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Tina Casey headshot

Bundy 'Cowboy Campers' Leave a Mess in Malheur, Move in on U.S. Congress


The armed occupation of the Malheur National Wildlife Refuge in Oregon has been over for a month, but the after-effects continue to ripple out from one state to another with the arrest of Ammon Bundy, his father Cliven, and dozens of their gang. Now it looks like Utah Congressman Jason Chaffetz (R-Third District) is raising the stakes. In support of the Bundy position on public land use, last week Rep. Chaffetz introduced legislation that would make county sheriffs responsible for all law enforcement on federal lands.

Ammon and Cliven Bundy have served as the voice of grassroots support for the land-privatization position espoused by the powerful business lobbying organization ALEC, and the new legislation puts Chaffetz squarely in the same camp.

New legislation backs Bundys on local sheriff authority

Last week, the U.S. Fish & Wildlife Service released 28 photographs charting the destruction left behind by Ammon Bundy and his Oregon occupiers. The photos clearly demonstrate that ad-hoc groups of private citizens, operating under their own made-up rules, are unfit to set their own standards for behavior in public parks.

Cliven Bundy himself has proven that point over a 20-year period during which his destructive "trespass" cattle ran wild over federal lands in the Gold Butte area of Nevada, a designated Area of Environmental Concern. Bundy has finally been called to account for an armed standoff with federal agents and he is being held in jail pending his trial, but continuing tension in the area has precluded attempts to remove the cattle.

Despite the reckless behavior exhibited by Ammon and Cliven Bundy, the new legislation would eliminate federal oversight of federal land. It would strip the Bureau of Land Management (BLM) and the U.S. Forest Service of their law enforcement authority, and provide federal block grants to local law enforcement instead.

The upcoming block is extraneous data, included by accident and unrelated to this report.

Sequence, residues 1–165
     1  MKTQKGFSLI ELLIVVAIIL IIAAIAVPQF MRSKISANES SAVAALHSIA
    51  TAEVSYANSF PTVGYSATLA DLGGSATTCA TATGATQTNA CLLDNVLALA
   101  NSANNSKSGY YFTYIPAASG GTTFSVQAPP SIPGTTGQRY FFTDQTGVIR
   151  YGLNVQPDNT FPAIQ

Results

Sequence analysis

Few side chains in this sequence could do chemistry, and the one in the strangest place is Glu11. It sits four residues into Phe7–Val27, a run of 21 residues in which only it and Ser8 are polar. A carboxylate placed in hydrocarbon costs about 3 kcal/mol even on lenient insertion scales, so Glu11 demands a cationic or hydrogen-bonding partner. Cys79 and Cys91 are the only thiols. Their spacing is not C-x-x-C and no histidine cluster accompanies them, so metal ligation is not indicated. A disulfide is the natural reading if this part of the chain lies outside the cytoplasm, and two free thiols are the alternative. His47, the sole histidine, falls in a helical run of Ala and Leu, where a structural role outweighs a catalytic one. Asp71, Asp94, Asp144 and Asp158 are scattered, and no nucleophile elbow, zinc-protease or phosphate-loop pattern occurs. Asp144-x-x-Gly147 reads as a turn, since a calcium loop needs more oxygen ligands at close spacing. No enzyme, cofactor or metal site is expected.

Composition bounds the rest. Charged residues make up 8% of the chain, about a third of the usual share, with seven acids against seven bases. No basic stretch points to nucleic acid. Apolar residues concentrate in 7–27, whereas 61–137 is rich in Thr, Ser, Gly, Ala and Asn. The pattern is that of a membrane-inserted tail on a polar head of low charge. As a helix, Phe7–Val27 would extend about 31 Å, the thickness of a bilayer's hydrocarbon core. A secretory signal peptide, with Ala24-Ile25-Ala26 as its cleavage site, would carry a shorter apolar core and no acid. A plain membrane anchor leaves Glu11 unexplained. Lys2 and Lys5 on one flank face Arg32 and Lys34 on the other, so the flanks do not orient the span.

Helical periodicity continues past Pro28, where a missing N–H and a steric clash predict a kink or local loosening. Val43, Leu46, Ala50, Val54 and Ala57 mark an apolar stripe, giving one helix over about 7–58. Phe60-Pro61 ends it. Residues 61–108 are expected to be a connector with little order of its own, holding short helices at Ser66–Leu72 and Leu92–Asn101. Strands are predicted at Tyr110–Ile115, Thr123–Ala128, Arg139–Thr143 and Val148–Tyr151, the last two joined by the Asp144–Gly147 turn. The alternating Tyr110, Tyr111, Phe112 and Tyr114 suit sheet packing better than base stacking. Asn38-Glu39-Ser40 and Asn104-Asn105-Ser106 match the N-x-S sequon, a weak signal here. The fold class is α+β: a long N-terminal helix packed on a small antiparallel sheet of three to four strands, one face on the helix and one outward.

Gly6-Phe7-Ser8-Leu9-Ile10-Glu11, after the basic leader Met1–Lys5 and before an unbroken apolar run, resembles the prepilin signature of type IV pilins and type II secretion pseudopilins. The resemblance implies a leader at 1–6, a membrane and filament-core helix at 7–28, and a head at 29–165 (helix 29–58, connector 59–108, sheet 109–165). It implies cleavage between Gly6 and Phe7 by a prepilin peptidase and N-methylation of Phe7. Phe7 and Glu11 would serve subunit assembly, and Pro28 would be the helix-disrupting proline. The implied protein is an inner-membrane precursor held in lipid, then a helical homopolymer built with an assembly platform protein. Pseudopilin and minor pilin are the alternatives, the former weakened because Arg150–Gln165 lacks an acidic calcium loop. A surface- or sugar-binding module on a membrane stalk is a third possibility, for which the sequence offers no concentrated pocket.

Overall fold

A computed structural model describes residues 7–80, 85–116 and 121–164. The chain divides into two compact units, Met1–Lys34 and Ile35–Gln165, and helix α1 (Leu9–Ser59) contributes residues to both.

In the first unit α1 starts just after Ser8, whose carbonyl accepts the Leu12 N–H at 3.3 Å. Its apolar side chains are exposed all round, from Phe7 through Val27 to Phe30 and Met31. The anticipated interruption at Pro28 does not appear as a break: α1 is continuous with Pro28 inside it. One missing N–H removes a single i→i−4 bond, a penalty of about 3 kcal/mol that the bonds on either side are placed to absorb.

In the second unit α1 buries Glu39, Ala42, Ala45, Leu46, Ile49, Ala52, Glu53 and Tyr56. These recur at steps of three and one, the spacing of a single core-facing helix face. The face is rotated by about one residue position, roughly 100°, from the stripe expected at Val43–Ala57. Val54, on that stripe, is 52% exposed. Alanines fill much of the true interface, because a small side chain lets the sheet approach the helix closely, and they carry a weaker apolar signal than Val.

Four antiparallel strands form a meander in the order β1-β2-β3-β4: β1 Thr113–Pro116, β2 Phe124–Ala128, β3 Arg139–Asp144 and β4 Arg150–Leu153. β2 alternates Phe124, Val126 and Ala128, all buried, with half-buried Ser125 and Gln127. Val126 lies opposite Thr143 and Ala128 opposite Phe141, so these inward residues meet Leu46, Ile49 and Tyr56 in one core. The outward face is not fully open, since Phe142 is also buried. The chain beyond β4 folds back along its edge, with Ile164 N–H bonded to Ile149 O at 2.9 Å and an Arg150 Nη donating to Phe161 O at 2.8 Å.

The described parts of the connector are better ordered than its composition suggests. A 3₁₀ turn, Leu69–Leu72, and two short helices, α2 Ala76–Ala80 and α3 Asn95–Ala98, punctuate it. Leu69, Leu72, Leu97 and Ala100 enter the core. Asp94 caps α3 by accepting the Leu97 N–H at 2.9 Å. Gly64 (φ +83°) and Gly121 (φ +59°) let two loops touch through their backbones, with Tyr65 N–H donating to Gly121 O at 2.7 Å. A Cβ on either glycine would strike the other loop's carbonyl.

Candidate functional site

In a brief press release announcing the new legislation, Chaffetz and his co-sponsors in the Utah delegation offered this explanation:

"Federal agencies do not enjoy the same level of trust and respect as local law enforcement that are deeply rooted in local communities. This legislation will help deescalate conflicts between law enforcement and local residents while improving transparency and accountability. The BLM and U.S. Forest Service will be able to focus on their core missions without the distraction of police functions. This is a win all around."

The bill itself does not mention the word "sheriff," but in a section of the press release titled "What the Bill Does," Chaffetz and his co-sponsors elaborate on what they mean by "local" law enforcement:
"[The bill] restores responsibility for law enforcement to elected officials who are accountable to the local community."

In an interview cited by the Salt Lake Tribune last week, Chaffetz was much more forthcoming about the actual intention of the bill:
"The first line of defense should be the sheriff," Chaffetz said Tuesday.

Sheriff or not, here we come

As for why the Chaffetz legislation focuses on county sheriffs, it's critical to the "states rights" movement advocated by the Bundys on behalf of ALEC.

According to the Bundy's (and ALEC's) offbeat interpretation of the U.S. Constitution, the county sheriff is the only constitutionally-authorized law enforcement on federal land outside of Washington, D.C.